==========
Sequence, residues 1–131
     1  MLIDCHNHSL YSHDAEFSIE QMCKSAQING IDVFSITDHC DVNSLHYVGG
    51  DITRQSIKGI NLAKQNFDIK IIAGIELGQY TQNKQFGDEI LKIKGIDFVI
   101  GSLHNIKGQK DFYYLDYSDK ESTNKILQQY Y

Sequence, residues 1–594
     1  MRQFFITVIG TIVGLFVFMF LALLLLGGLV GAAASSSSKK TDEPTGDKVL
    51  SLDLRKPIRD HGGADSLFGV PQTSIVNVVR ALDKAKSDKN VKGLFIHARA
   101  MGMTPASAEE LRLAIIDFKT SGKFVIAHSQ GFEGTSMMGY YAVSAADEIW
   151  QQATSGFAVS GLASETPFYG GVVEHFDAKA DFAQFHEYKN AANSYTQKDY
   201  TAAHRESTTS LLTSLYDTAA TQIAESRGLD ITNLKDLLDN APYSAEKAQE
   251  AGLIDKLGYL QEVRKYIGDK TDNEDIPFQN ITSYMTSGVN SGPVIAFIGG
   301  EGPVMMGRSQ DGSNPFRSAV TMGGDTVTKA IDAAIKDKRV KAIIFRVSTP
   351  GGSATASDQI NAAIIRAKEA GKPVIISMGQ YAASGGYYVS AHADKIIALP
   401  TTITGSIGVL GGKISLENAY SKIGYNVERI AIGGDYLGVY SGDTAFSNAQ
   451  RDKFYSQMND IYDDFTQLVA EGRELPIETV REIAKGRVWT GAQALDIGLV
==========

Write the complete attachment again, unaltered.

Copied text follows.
Sequence, residues 1–131
     1  MLIDCHNHSL YSHDAEFSIE QMCKSAQING IDVFSITDHC DVNSLHYVGG
    51  DITRQSIKGI NLAKQNFDIK IIAGIELGQY TQNKQFGDEI LKIKGIDFVI
   101  GSLHNIKGQK DFYYLDYSDK ESTNKILQQY Y

Sequence, residues 1–594
     1  MRQFFITVIG TIVGLFVFMF LALLLLGGLV GAAASSSSKK TDEPTGDKVL
    51  SLDLRKPIRD HGGADSLFGV PQTSIVNVVR ALDKAKSDKN VKGLFIHARA
   101  MGMTPASAEE LRLAIIDFKT SGKFVIAHSQ GFEGTSMMGY YAVSAADEIW
   151  QQATSGFAVS GLASETPFYG GVVEHFDAKA DFAQFHEYKN AANSYTQKDY
   201  TAAHRESTTS LLTSLYDTAA TQIAESRGLD ITNLKDLLDN APYSAEKAQE
   251  AGLIDKLGYL QEVRKYIGDK TDNEDIPFQN ITSYMTSGVN SGPVIAFIGG
   301  EGPVMMGRSQ DGSNPFRSAV TMGGDTVTKA IDAAIKDKRV KAIIFRVSTP
   351  GGSATASDQI NAAIIRAKEA GKPVIISMGQ YAASGGYYVS AHADKIIALP
   401  TTITGSIGVL GGKISLENAY SKIGYNVERI AIGGDYLGVY SGDTAFSNAQ
   451  RDKFYSQMND IYDDFTQLVA EGRELPIETV REIAKGRVWT GAQALDIGLV